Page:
Penn State part of international malaria research, education partnership

Kristie Auman-Bauer | 09 Feb 2006
Penn State University
Malaria is a debilitating disease caused by a tiny microbe that is transmitted from an infected person to other people by mosquitoes. More than 300 million people are affected by malaria worldwide, and 1.5 million die from it annually. Those that do not succumb to the disease suffer periodic bouts of sickness that diminishes their ability to work and care for their families.

According to Liwang Cui, assistant professor of entomology at Penn State, malaria still is a major health problem in Thailand. While reported malaria cases have continued to decrease over the past two decades in Thailand, in rural areas people still remain at great risk. "In Thailand, all four species of malaria occur, but the vast majority are caused by the Plasmodium falciparum and Plasmodium vivax infections," said Cui. "While major focus has been on P. falciparum, the most deadly of all malaria species, the burden of P. vivax has largely been neglected. In recent years, worldwide distribution of P. vivax has expanded significantly and the number of cases has been on the rise."

According to Cui, an integrated approach is needed targeting the two most prevalent malaria types. "Understanding how the parasites function, develop and survive will allow us to explore new vaccine and drug options," said Cui. "Many of today's drugs are becoming less effective due to the buildup of resistance within parasite populations. Research concerning population structure and genetic mutations will teach us about the parasites' long-term reactions to drugs."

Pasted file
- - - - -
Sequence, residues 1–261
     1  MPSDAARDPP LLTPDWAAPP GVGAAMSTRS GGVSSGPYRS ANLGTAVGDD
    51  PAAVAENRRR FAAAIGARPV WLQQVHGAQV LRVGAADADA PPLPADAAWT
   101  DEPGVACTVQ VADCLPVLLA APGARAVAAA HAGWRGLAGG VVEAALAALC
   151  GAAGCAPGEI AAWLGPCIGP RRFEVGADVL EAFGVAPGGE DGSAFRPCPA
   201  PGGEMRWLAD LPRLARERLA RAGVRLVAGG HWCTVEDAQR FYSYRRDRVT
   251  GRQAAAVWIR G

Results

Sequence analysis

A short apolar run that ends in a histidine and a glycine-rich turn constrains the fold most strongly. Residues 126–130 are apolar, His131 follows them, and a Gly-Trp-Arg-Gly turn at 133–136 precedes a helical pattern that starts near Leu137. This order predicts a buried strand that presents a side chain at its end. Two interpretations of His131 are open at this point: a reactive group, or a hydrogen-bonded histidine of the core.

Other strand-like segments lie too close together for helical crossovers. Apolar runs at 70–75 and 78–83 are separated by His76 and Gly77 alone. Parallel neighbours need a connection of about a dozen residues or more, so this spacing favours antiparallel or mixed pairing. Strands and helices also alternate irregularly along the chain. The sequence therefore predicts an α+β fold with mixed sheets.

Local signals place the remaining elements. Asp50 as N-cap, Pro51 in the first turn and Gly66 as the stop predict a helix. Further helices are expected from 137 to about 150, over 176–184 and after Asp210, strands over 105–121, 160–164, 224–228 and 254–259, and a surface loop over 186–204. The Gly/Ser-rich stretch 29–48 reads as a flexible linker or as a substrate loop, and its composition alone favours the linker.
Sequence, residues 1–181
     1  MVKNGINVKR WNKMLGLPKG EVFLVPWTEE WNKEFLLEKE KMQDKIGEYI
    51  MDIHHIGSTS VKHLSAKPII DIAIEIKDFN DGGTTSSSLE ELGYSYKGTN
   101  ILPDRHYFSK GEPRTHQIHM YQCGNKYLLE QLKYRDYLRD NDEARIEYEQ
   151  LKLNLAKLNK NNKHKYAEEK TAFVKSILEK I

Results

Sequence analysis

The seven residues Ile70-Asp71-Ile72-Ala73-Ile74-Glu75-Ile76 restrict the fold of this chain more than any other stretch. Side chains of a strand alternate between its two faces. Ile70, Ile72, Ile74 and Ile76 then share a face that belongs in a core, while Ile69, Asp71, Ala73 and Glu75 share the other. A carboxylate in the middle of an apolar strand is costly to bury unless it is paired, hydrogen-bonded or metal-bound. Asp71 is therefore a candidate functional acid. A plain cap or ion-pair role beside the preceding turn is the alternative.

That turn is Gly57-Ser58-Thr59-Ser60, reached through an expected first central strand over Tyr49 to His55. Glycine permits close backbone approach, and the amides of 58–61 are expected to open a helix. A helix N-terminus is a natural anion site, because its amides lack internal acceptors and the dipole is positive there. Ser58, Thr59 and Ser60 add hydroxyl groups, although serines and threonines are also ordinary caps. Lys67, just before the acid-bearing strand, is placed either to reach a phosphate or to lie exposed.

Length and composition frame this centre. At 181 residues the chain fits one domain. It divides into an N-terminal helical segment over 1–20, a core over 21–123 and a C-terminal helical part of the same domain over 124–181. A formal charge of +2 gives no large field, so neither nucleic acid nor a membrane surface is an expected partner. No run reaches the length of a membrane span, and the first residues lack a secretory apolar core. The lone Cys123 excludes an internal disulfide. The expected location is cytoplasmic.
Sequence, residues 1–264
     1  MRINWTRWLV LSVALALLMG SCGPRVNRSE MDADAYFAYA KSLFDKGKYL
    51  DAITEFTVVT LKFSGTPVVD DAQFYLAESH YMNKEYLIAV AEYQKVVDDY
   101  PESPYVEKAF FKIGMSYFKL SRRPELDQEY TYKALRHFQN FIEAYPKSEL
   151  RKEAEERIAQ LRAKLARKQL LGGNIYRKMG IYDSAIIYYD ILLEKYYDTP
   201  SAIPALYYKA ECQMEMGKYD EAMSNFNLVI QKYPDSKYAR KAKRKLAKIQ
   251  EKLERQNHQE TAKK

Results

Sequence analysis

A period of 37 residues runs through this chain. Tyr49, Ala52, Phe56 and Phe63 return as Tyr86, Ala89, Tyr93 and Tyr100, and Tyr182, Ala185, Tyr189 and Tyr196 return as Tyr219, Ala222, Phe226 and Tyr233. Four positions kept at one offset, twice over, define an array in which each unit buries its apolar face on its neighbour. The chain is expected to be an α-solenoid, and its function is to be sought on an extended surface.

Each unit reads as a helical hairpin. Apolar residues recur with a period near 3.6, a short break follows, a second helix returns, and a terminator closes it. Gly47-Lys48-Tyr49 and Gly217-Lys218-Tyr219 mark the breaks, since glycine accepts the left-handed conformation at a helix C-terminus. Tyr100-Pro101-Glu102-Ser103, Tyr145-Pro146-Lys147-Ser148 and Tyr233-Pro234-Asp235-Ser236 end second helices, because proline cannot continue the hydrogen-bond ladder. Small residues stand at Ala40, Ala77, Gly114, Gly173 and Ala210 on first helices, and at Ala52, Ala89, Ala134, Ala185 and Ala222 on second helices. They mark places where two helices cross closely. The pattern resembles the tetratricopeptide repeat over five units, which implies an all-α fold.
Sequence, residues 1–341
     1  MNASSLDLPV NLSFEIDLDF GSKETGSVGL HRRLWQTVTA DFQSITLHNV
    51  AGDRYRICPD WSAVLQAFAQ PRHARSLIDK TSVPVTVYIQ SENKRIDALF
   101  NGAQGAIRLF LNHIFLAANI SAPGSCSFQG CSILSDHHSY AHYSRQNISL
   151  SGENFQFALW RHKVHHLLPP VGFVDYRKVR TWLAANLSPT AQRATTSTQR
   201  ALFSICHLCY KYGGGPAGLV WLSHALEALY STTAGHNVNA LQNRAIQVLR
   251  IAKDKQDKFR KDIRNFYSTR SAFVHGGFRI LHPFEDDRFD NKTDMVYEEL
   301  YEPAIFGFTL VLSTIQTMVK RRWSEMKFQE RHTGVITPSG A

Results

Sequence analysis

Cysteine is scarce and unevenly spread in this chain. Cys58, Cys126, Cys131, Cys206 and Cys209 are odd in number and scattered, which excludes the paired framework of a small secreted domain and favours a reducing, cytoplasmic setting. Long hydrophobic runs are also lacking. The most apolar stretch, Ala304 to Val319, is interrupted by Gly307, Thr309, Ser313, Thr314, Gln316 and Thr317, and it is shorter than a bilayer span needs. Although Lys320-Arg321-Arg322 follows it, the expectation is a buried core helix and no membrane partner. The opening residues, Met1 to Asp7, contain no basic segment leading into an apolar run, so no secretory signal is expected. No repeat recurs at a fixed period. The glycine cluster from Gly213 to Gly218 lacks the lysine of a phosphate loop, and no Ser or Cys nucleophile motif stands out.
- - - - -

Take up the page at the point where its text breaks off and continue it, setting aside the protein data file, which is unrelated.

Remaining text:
Cui and researchers from Thailand's AFRIMS and Mahidol University are studying the population structure of P. vivax. "Because malaria caused by each Plasmodium species is treated with different drugs, correct diagnosis of the disease is essential," explained Cui. "Just as understanding the biology of P. falciparum has significantly advanced management of that parasite, we are hoping that by obtaining more information on P. vivax, we can better manage malaria." So far, the ability to sequence the genome of P. vivax for the very first time has allowed Cui and his colleagues to discover valuable data that should aid in current control measures in regions in Thailand where P. vivax is prevalent.

In addition to the research program, Cui is part of a collaborative team of researchers that received a training grant from the Fogarty International Center of the U.S. National Institutes of Health. "The grant is allowing experts in U.S. and Thailand to train future scientists in Thailand to be better equipped to address the challenges of malaria," Cui said. Currently, both students in the United States and Thailand participating in the program are finishing up their course work and will be moving on to more research-based work. "Hopefully, the preliminary work they are doing will help us obtain additional research grants and further our work," Cui said. The collaborative malaria research and education projects will help cement the relationship of U.S. universities with their sister institutions in Southeast Asia.